Law honoree Jennie Stephens, chief executive officer of the Center for Heirs Property Preservation. Since Stephens as hired as the founding director of nonprofit Center for Heirs Property Preservation, more than 226 title issues have been resolved on family land, with a total tax-assessed value of $13.6 million: more than those who hired her had dreamed possible. She has empowered countless African American families and women across coastal South Carolina to fight to maintain their family lands, and has served on the front lines of the battle to eliminate economic discrimination.
Media honoree Rita Littles Scott, vice president and general manager (retired) of WCSC Live 5 TV. Littles Scott began her broadcast career in North Carolina, Cleveland, and Chicago before coming to Charleston’s CBS station, WCSC. In five years she was named the station’s general manager: the first female to be so named in Charleston. During her tenure WCSC held the number one spot in ratings and revenue. In 2011, under her leadership, it launched Bounce Around Charleston, the first over-the-air news show for the black community.
Rising star honoree Camela Guevara, independent artist. Guevara, a fiber artist and painter, creates intuitive gouache paintings and handmade monuments to unsung labor. Her work has been exhibited at the Greenville Center for Creative Arts, North Charleston City Hall, Virago Gallery, and Redux Contemporary Art Center. She shares her passion for fiber art by teaching embroidery and mending, and is currently working on creating a handmade wardrobe to reduce dependency on fast fashion.
Technology honoree Shannon Williams, vice president of sales and marketing at BoomTown!. In her highly visible role at BoomTown!, Williams doesn’t just drive revenue, sales, and the go-to-market strategy of the firm, she is also a driving force behind its culture. She’s passionate about creating an environment where all team members thrive; in fact, she was nominated by women she inspired while holding leadership roles at Blackbaud and Amazon. Williams gives back to the community too, serving as a speaker on industry panels and other events like Women in Tech, and is board president for Operation Home.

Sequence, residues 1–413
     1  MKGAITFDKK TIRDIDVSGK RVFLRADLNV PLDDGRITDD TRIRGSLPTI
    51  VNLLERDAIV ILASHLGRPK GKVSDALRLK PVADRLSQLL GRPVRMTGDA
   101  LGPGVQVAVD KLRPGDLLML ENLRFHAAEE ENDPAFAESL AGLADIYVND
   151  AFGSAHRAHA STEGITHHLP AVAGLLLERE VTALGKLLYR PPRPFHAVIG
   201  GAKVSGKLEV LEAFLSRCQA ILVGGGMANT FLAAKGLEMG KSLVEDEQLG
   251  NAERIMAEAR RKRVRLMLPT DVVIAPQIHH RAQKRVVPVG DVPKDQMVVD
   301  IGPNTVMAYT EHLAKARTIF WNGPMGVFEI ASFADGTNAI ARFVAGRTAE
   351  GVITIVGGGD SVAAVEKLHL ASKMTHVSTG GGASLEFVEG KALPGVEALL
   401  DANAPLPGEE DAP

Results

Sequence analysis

The Arts honoree Romaine Heyward, operations and booking manager for the Dock Street Theatre. Heyward began her career in journalism and public relations, but switched gears to enter the event planning field, first for The Gaillard and then for the MOJA Arts Festival and Happy New Year Charleston. Today she helps to manage more than 150 performances each year at the historic Dock Street Theatre, from chamber music and drama to musicals and lectures. She also serves on the boards of Charleston’s Dress for Success and its Black Expo.
Individuals from across South Carolina and the US can attend this year’s virtual What Women Bring event at no charge.
Sponsoring the event are Experience sponsor Benefitfocus; Platinum sponsor Google; Gold sponsors Denny’s, the Charleston Area Convention and Visitors Bureau, The Citadel, and First Citizens Bank; Silver sponsors Blackbaud, Blue Cross Blue Shield of South Carolina, the Charleston County School District, the Charleston County Democratic Party, Motley Rice Attorneys at Law, and NFP; and Mentor sponsor Condon Family Law, LLC.
ABOUT YWCA GREATER CHARLESTON
For 113 years, YWCA Greater Charleston has worked to eliminate racism and empower women in Charleston, Berkeley, and Dorchester Counties. Among its initiatives to eliminate racism are its 10-day MLK Celebration, one of the city’s longest running events; its annual Stand Against Racism; and its Racial Equity Institute trainings equipping local leaders to address racism. It empowers women with its annual What Women Bring event, attended by hundreds to empower South Carolina’s women in business, community, and culture; WE 360, helping women of color overcome barriers in entrepreneurship; Own the Room public speaking workshops empowering women’s success; and Choose Well, reducing unintended pregnancies. It brought the first Girls Who Code club for middle school girls to Charleston, and its Y Girls Code program includes female students of all ages. It also hosts SheStrong, empowering high school girls to develop as leaders and changemakers. For more information, visit ywcagc.org.